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Microsoft Introduces a New Level of Convergence
The company debuts SharePoint Server 2007 along with other announcements as it begins to focus on molding the Dynamics product line into a fully integrated suite solution.
Posted Mar 13, 2007
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Connectivity is the theme running through Microsoft's Dynamics development work as the vendor begins to mold its disparate business applications families into more of a single integrated platform. Microsoft made a plethora of announcements around its Dynamics brand of ERP and CRM suites Monday in San Diego at its annual Convergence conference. Microsoft's announcements center on its attempts to improve different levels of connectivity, for instance, between employees and the business processes in the applications they use, or better connecting a company via its software with its external community of customers, partners, and suppliers. The new productivity tools for its Dynamics product line will extend business functionality and data throughout the enterprise using the familiar user interface and productivity tools of Microsoft Office. "We're paving the way for building truly connected businesses, uniting the systems and the people who make companies successful in a sensible and relevant way," said Satya Nadella, corporate vice president of Microsoft Business Solutions, during his keynote yesterday morning. "The end goal [is] to create a fully integrated Dynamics suite." In line with these efforts, the company introduced Microsoft Dynamics Client for Microsoft Office and SharePoint Server. About 85 percent of employees in organizations that have deployed an ERP system are not licensed to use the data, Nadella said, citing figures from a recent AMR Research report. Redmond is targeting those nonusers with the introduction of Dynamics Client, a package of up to 12 self-service applications built into Microsoft Office and SharePoint that act as a data hub, directing traffic to and from various Dynamic applications. Pricing starts at $195 per user, or $395 per user for a beefed-up version with more functionality. As an example, Nadella demonstrated how a sales manager could approve sales orders from within Office that were originally entered into Dynamics CRM and routed through Microsoft Great Plains. "It's a powerful combination," says Yankee Group analyst Sheryl Kingstone. "The user interface integration means the system can send triggers and alerts through Microsoft Office in a manner it just couldn't achieve before."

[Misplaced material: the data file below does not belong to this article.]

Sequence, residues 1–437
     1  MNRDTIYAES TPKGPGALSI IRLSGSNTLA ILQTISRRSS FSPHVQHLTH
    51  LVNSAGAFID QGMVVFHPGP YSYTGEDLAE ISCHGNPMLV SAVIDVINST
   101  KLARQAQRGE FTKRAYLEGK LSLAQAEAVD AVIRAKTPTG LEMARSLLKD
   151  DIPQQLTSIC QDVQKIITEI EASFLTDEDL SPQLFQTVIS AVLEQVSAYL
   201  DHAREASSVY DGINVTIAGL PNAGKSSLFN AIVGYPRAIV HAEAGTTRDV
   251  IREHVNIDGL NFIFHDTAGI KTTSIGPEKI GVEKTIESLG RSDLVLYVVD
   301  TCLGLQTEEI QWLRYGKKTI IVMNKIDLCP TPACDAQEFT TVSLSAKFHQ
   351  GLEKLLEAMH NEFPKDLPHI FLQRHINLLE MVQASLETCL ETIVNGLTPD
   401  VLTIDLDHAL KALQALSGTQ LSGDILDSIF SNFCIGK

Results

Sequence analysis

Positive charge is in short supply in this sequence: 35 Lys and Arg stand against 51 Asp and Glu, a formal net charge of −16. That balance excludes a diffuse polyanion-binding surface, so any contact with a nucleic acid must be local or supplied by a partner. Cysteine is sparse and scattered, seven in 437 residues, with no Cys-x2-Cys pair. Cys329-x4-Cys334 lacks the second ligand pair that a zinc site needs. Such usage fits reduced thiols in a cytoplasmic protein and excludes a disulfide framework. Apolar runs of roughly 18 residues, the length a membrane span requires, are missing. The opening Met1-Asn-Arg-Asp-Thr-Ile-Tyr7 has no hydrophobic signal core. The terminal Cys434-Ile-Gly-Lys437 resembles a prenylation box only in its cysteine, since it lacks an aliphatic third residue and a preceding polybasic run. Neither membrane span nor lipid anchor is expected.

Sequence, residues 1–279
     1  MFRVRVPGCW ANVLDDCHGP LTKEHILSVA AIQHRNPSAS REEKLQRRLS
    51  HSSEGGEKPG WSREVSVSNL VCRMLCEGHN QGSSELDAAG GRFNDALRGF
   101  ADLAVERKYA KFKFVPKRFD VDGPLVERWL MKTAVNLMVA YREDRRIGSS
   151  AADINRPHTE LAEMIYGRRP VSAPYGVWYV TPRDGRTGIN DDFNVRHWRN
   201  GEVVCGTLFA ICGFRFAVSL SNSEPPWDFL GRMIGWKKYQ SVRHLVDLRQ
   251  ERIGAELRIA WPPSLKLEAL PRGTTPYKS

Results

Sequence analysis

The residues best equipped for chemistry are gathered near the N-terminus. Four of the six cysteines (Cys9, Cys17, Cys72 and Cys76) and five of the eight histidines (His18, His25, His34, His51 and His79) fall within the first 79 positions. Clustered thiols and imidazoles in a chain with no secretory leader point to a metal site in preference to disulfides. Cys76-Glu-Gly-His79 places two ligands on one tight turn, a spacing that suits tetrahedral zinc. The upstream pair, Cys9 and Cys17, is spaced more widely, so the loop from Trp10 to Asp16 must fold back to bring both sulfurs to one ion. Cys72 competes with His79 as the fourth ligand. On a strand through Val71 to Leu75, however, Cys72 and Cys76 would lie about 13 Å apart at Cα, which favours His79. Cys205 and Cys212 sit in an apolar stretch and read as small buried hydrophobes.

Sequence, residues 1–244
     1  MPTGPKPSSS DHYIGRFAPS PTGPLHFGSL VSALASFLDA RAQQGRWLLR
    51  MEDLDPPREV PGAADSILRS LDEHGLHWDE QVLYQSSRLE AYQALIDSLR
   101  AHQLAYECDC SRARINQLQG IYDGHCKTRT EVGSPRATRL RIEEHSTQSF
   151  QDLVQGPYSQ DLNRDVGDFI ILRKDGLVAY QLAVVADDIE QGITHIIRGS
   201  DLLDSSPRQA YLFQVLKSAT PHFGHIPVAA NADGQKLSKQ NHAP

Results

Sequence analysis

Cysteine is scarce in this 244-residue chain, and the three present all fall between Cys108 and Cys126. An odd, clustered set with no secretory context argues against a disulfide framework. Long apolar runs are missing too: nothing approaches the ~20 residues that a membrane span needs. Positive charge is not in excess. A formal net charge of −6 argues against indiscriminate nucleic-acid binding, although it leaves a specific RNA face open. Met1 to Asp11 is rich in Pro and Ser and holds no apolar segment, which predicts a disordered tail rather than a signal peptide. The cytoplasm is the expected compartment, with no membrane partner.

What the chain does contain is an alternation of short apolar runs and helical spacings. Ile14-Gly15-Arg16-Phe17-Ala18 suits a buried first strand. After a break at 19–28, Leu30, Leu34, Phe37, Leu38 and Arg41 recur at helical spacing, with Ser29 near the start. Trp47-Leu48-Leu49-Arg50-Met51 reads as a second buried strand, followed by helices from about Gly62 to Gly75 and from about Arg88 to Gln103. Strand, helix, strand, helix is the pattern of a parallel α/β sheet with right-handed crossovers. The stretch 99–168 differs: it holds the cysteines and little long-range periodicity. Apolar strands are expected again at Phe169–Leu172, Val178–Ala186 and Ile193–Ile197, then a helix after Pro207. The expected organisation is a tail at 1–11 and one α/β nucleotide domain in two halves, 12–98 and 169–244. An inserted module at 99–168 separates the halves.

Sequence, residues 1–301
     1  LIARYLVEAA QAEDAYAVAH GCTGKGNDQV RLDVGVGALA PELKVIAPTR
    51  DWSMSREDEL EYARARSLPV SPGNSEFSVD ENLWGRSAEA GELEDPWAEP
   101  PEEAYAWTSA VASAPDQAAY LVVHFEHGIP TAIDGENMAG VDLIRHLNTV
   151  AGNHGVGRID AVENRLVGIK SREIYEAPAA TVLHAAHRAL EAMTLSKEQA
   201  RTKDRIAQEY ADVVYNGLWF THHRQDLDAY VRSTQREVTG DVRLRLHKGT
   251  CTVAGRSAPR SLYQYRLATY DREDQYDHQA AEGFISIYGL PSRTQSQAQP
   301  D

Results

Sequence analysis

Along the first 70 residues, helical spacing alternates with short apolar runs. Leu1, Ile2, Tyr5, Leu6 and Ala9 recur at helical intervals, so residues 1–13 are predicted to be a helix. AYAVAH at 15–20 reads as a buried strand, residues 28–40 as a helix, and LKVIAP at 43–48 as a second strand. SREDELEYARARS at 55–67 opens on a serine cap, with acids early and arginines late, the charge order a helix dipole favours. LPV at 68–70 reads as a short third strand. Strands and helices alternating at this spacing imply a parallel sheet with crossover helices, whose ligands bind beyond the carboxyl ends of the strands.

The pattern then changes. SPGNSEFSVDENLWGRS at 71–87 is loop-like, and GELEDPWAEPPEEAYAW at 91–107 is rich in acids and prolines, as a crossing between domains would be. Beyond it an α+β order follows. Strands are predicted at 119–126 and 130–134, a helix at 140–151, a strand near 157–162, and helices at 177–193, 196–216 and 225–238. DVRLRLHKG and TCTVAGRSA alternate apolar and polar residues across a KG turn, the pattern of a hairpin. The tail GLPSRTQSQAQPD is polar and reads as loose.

Microsoft Dynamics CRM is an example of this type of cross-enterprise access into larger systems and databases, Nadella said. All of its reports, forms, and processes for managing sales, marketing, and customer service are presented to the user within Microsoft Outlook using the new SharePoint Server. "The new functionality gives a greater audience access to CRM data," Kingstone says. Other new offerings, all unified by the theme of better connections for the enterprise, include Microsoft Dynamics Sure Step, a family of model-driven configuration, implementation, and migration tools that make system migration and configuration easier to users to manage across all suites. With Sure Step, companies will "be able to implement Dynamics with best practices," Nadella says. "It's a business modeler; it makes deploying a Dynamics product that much more predictable." Microsoft also announced RoleTailored, a new design approach that builds upon Windows Vista and the 2007 Microsoft Office system; a new online finance community for finance professionals; and the upcoming availability of Microsoft Dynamics Great Plains 10.0, Microsoft Dynamics NAV 5.0, and Microsoft Dynamics SL 7.0. "This new generation of Microsoft Dynamics products is designed to work seamlessly with Microsoft Windows Vista, Microsoft Office 2007, and Microsoft Office SharePoint Server 2007, and lays the foundation for new levels of business productivity," Nadella said. As part of that new foundation, Microsoft customers can expect the launch of a new set of BI tools sometime this year, according to Nadella. In an attempt to make Dynamics business applications more immediately relevant to customers in specific industries, the company announced its Dynamics Industry Solutions initiative for five verticals: manufacturing, distribution, retail, services, and the public sector. Microsoft will build in additional vertical capabilities to its ERP applications through a combination of internal development, small-scale acquisitions, and a deepening of its Industry Builder incentive initiative, says James Utzschneider, general manager of Dynamics marketing at Microsoft. Future industry-specific offerings codeveloped by Microsoft and its partners can be standalone offerings or ISVs can build on top of them, he says. Utzschneider doesn't see the vendor's increased vertical interest as an issue for its existing partners. "If anything we're strengthening opportunities for our partners," he says. "We're clarifying where we're going to play." Previously, Microsoft relied on its partners to add industry-specific functionalities to its Dynamics software. That situation was problematic for customers in particular industries,. "Those users were largely dependent on code developed on top of Dynamics, often by very small ISVs--code that wasn't backed by Microsoft," says Yvonne Genovese, vice president and distinguished analyst at Gartner. "Moving forward, users will have a better comfort level around guarantees of Microsoft and its partners working together, as the company also announced Microsoft Dynamics Certified Solutions, a 3rd party program that lets Microsoft test and approve new code from all partners that are certified on Microsoft Dynamics software." Related articles: Microsoft Brings Analytics to the Desktop A New Flavor of Microsoft Dynamics CRM